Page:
More from the PWC Entertainment & Media Outlook: Music and Radio

pwx report logoYesterday we posted main points from Price Waterhouse Cooper’s Entertainment & Media Outlook study — an analysis and economic projection of several media industry categories that was introduced in a live webcast. (See the archived webcast here.)

PWC provided RAIN with deeper dives into the Music Industry and Radio portions of the report.

Music Industry

PWC’s financial forecasts hinge on compound annual growth rate (CAGR) calculations for a prediction period between 2013 and 2018.

PWC’s music industry projections hew to the broad sweep of most forecasts: streaming takes the growth lead, physical products continue dropping, and music downloads are threatened.¬†But the exact forecast on that last point might be unique. Though music-download sales dropped in 2013, that skid is forecast to stabilize and remain essentially flat through 2018 in PWC’s modeling.

We had not encountered that much optimism around the future of music download revenues, and reached out to PWC for more detail and rationale around the projection. Greg Boyer, Partner, PwC Entertainment, Media & Communications, gave us these points of context:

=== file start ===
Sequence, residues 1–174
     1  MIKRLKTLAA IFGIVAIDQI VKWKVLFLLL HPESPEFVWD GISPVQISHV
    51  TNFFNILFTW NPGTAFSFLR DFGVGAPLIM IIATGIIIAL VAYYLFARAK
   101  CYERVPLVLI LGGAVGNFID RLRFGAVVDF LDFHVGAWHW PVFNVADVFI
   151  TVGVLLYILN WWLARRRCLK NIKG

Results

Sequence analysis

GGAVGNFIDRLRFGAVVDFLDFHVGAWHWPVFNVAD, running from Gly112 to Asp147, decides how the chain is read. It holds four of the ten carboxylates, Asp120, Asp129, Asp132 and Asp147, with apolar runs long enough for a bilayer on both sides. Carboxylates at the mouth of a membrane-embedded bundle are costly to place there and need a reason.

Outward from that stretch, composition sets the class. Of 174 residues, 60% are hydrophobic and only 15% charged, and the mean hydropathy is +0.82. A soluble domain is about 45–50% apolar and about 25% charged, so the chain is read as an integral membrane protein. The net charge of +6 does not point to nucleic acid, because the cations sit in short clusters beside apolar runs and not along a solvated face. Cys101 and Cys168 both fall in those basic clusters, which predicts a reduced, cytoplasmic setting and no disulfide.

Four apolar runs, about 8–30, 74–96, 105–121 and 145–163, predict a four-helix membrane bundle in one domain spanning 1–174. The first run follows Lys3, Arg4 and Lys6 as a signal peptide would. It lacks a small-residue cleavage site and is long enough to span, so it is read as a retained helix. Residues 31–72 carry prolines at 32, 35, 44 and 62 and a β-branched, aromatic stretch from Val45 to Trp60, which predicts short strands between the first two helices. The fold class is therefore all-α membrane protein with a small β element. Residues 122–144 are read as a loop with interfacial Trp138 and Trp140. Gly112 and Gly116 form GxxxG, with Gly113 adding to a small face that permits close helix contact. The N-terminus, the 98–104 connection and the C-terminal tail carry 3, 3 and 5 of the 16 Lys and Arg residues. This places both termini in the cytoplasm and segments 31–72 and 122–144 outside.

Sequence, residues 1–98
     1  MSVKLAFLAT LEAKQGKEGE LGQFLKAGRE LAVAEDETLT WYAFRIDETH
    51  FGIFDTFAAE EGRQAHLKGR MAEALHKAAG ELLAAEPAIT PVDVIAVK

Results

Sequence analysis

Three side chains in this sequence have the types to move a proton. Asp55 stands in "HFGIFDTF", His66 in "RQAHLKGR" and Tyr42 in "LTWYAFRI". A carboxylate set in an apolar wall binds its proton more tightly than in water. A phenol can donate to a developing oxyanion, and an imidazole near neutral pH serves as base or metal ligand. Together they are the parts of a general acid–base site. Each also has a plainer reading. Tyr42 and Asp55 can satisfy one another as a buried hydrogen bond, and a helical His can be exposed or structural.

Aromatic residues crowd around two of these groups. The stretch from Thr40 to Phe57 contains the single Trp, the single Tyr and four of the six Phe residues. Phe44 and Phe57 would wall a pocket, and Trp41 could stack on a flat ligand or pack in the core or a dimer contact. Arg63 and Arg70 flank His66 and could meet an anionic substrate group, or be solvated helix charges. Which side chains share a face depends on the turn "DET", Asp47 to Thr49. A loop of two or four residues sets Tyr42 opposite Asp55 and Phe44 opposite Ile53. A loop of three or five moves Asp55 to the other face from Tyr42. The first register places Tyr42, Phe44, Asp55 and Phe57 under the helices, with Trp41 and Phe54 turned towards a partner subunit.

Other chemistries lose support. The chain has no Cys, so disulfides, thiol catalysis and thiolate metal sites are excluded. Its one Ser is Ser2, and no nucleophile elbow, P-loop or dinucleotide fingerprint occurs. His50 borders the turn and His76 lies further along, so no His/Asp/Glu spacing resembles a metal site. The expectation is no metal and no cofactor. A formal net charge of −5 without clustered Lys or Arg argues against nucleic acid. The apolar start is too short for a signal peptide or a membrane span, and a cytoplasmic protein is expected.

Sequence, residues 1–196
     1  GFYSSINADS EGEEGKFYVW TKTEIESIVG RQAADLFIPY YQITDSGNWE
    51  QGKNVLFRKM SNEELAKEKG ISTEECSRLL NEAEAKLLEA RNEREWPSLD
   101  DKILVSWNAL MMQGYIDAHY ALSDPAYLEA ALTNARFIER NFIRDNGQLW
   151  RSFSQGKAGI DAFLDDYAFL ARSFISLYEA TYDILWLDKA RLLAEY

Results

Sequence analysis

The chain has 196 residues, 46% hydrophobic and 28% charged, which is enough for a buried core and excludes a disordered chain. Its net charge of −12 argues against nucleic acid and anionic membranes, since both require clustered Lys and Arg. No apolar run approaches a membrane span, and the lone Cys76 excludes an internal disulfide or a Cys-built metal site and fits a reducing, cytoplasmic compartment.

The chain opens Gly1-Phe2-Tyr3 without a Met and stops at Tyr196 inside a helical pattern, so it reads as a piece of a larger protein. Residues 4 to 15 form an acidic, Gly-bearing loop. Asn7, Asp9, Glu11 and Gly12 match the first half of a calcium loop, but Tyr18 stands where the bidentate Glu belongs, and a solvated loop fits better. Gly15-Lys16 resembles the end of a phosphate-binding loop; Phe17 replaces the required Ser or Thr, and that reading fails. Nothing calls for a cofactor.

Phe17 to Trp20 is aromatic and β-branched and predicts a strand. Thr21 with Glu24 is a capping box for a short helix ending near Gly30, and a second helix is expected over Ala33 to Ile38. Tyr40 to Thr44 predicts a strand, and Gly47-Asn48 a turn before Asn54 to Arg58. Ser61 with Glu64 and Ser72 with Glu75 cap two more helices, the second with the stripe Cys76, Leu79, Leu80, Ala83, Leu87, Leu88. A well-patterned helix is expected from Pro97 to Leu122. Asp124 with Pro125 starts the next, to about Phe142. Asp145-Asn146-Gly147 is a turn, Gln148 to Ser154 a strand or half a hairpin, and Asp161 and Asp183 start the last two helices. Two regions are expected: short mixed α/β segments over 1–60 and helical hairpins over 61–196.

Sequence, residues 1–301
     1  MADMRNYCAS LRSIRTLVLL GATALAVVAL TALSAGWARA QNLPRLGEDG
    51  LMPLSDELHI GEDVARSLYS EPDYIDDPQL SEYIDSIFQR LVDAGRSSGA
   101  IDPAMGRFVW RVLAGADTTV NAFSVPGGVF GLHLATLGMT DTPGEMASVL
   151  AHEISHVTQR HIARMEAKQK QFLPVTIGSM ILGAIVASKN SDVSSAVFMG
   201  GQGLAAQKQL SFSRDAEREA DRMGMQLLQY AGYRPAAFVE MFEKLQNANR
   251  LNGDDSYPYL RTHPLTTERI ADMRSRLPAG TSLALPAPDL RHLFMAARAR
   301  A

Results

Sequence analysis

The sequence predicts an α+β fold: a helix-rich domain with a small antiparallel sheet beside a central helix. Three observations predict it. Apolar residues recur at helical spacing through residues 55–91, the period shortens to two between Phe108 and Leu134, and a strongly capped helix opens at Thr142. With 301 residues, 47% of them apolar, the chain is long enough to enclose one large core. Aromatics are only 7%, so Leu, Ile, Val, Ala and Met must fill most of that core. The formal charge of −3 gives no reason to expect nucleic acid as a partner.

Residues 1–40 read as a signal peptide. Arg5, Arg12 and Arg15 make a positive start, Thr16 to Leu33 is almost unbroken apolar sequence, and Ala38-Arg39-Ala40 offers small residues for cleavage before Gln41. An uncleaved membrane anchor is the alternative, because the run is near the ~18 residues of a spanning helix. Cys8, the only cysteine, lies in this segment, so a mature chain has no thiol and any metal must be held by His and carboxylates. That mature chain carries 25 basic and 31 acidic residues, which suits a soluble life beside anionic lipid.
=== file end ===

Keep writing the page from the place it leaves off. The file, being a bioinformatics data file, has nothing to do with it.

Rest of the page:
1. Downloads will stabilize vs grow through 2018 (we are actually projecting more like flat growth).
  2. Streaming will continue to grow but take less away from purchases moving forward (most evangelists have already migrated their behavior).
  3. Population growth, demographics and technology breakthroughs will bring more customers to the table for download purchases.
  4. Live music will continue to be the key driver for the industry and supports “ownership” models.. a positive for downloads.
  5. Recent 2013/2014 release schedules were weak vs. historical comparisons. We anticipate better release schedules and more download momentum for album sales.
  6. Lastly, increasing confidence in global economic conditions and middle class discretionary income support download sales.

With all that, PWC projects 0.1% annual growth for music downloads– in other words, a halted skid and recovery to flat growth.

On the streaming side of the business it’s off to the races at a 14.5% annual growth rate, bring those revenues from $848-million in 2013 to %1.7-billion in 2016.

The study counts 118-billion streams served in 2013, and PWC’s analysis says that streaming is “wholly¬†responsible for taking the steam out of digital music and single sales.”


In the radio industry, the projected CAGR is weighted heavily to the digital side of the fence, with growth of advertising revenue concentrated in radio station webcasts. PWC forecasts 9.7% annual growth there, with a relatively flat 0.5% annual growth predicted for terrestrial broadcast advertising. The two sides combine for annual growth expectation of 2.1%, lifting total U.S. revenue to $22.1-billion in 2018.

In the satellite realm, satellite radio subscriptions accounted for 17% or U.S. radio revenue in 2013, and that earnings stream is projected to grow at a 6.1% annual clip to $4.4-billion in 2018.

PWC notes that the U.S. radio market is the world’s largest in revenue terms, with its $20-billion 2013 earnings representing 45% of the global revenue.

Brad Hill